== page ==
The volcanologist and IPCC contributor Bill McGuire’s work, Hothouse Earth: an inhabitant guide of 2022 stands along the same conceptual idea of the former book: raise awareness to try to keep global warming below 1.5 °C, the pre-industrial mean temperature, but is more centred on the facts and the consensual projections. It is a short, focused and easy to read book.
The next book reviewed here is The New Climate War: the fight to take back our planet, by the prominent meteorologist Michael E. Mann, of 2021. Mann, with a direct and sometimes confrontational style, explains how it is the collusion of interests between oil companies, petro-states and some political and media groups that has made climate change mitigation go slower than needed. This is made by propagating hoaxes on the scientific solidity of climate change science, on the effects observed and on blocking consensus in the many Conferences of the Parties (COPs) devoted to develop binding agreements among states to reduce emissions and mitigate climate change. Another way to delay the energy transition is setting the responsibility of the emissions on the personal behaviour of individuals and not in state regulations which would be binding for all sectors of the economy. Obviously stating the importance of more sustainable personal ways of life, Mann sets the example of the 4% reduction of emissions during the COVID-19 lockdown as the demonstration that it would not be just our personal responsibility the one that would save us from the worst effects of the climate crisis. A much deeper intervention from state and multilateral actors is needed to de-carbonize our future.
Mann, as well as McGuire, praises the importance of movements such as Fridays for future, led by Greta Thunberg and her generation, who will live through worse years of this crisis, to ask for accountability from those responsible for not acting quicker. They, together with the growing effects already present, have created a change of tide in global opinion, corporations and most governments, that is starting to have an impact in emissions rates and in setting this crisis at the centre of world policies. Mann also criticizes what he calls 'doomists’, and sets the article by Wallace-Wells as a perfect example. This kind of literature, which he labels as 'climate-porn’, can lead to inaction by demoralising and by thinking that it is too late to avoid our fate. It is not, and although probably at a slower pace than the one desirable, society is already on it.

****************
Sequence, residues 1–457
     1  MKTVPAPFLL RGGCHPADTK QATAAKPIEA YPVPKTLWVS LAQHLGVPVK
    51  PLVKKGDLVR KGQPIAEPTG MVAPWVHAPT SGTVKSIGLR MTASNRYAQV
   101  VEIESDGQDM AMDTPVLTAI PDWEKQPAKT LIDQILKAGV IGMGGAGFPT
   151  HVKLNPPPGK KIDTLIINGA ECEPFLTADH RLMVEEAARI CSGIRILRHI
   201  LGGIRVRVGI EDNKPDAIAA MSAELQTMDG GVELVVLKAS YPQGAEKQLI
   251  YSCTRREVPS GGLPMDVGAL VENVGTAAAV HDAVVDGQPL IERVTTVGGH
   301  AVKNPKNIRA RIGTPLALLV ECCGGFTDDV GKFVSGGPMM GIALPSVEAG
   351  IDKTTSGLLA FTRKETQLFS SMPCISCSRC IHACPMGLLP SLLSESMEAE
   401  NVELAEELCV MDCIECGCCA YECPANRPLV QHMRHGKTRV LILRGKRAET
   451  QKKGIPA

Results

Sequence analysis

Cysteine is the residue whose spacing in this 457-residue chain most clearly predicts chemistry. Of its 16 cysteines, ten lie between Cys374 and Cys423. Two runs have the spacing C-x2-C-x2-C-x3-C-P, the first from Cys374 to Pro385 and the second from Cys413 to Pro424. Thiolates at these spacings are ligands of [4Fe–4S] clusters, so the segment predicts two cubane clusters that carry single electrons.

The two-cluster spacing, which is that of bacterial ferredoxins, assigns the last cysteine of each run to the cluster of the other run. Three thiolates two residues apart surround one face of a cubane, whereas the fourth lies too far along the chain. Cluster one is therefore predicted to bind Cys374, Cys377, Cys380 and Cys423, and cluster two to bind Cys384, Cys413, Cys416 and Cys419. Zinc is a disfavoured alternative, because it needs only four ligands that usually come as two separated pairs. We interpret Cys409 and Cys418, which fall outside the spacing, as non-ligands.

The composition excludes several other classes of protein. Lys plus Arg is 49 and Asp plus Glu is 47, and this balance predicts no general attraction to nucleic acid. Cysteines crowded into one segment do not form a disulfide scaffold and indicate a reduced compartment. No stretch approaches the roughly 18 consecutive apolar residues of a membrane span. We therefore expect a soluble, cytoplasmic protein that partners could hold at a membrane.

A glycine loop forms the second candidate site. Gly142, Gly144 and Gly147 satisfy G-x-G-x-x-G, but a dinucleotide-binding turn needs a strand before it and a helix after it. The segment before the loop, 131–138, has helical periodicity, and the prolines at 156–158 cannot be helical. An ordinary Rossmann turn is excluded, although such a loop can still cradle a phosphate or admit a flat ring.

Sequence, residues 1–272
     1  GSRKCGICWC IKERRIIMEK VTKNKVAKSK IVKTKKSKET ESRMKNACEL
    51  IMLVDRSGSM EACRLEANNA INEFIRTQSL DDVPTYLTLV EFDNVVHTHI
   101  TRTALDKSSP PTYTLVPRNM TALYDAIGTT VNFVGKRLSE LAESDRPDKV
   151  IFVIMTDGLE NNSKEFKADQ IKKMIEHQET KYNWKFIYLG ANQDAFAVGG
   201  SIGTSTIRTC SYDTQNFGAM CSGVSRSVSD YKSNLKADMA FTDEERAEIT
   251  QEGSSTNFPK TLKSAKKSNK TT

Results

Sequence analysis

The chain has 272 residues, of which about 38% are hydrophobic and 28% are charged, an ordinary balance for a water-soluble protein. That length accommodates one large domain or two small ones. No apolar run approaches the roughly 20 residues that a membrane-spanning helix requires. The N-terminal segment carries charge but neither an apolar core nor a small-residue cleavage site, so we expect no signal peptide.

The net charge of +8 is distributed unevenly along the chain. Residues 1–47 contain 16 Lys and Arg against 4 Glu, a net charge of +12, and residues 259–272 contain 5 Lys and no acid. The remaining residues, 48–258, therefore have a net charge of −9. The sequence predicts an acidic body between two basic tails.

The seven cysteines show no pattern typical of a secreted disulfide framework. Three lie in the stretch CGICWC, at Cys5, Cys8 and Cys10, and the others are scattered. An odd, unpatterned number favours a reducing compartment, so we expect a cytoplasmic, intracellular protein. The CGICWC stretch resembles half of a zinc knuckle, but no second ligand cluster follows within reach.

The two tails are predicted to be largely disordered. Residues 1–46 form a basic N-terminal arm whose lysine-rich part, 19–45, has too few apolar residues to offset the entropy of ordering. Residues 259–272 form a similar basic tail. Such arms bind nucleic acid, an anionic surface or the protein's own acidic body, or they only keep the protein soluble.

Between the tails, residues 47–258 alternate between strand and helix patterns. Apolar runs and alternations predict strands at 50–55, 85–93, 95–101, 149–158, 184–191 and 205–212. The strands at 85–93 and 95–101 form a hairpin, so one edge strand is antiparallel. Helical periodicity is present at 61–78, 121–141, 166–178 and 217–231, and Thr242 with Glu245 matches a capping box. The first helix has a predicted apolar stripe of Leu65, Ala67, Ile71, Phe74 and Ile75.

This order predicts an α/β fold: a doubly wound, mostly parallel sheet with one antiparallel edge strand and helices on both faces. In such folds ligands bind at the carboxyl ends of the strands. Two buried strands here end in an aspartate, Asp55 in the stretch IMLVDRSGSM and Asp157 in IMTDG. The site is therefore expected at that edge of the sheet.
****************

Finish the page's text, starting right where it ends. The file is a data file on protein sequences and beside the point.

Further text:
In this more positive line, the last book reviewed here, Values, of 2021, by the former Governor of the central banks of Canada and England and current UN Special Envoy for Climate Action and Finance, Mark Carney sets the focus on the need for reformulating the values behind Economy. With the examples of the Global Financial Crisis of 2008, the COVID-19 Crisis and the Climate Crisis, Carney elaborates a fascinating discourse on how to build value for all, with leadership, fairness and responsibility. It was Pope Francis who inspired Carney, in a reception to central bank governors, making the comparison of wine, which is a good complement of food and has a moderate quantity of alcohol that enlivens the mind and enriches the senses, and grappa, which is wine distilled and only has alcohol. The Pope made an analogy between Humanity and markets, which are humanity distilled, and challenged leaders to turn grappa back into wine and make more human markets and Economy that should be essential tools to navigate these crises. As they are created by a crisis of values, Values is Carney’s answer to this challenge. There is hope.
The changes are impacting all the components of the climate system: weather, oceans, ice caps, and biosphere and, hence, all the human economical activities depending on and related to them. All these elements are now imbalanced and that i’s how the term of climate crisis, as we will discuss later, is much more suitable to describe the current and, undoubtedly, future challenge that humanity must face.